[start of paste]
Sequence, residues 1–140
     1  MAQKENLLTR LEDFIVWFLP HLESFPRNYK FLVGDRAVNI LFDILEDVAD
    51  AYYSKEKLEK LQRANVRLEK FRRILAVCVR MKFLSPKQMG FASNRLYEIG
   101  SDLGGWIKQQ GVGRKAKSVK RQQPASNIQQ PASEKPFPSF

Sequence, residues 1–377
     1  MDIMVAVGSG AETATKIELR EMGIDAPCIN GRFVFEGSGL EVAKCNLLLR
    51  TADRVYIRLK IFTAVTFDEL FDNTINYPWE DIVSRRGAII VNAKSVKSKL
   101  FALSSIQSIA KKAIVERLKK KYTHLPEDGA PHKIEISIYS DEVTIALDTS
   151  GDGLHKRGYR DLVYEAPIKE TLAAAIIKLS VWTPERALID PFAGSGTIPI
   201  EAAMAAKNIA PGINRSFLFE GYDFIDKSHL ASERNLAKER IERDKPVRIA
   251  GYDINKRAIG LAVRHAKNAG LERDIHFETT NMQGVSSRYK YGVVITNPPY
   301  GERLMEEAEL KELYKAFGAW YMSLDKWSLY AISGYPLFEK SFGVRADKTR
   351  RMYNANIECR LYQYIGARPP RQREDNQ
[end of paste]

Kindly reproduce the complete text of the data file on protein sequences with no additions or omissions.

Sequence, residues 1–140
     1  MAQKENLLTR LEDFIVWFLP HLESFPRNYK FLVGDRAVNI LFDILEDVAD
    51  AYYSKEKLEK LQRANVRLEK FRRILAVCVR MKFLSPKQMG FASNRLYEIG
   101  SDLGGWIKQQ GVGRKAKSVK RQQPASNIQQ PASEKPFPSF

Sequence, residues 1–377
     1  MDIMVAVGSG AETATKIELR EMGIDAPCIN GRFVFEGSGL EVAKCNLLLR
    51  TADRVYIRLK IFTAVTFDEL FDNTINYPWE DIVSRRGAII VNAKSVKSKL
   101  FALSSIQSIA KKAIVERLKK KYTHLPEDGA PHKIEISIYS DEVTIALDTS
   151  GDGLHKRGYR DLVYEAPIKE TLAAAIIKLS VWTPERALID PFAGSGTIPI
   201  EAAMAAKNIA PGINRSFLFE GYDFIDKSHL ASERNLAKER IERDKPVRIA
   251  GYDINKRAIG LAVRHAKNAG LERDIHFETT NMQGVSSRYK YGVVITNPPY
   301  GERLMEEAEL KELYKAFGAW YMSLDKWSLY AISGYPLFEK SFGVRADKTR
   351  RMYNANIECR LYQYIGARPP RQREDNQ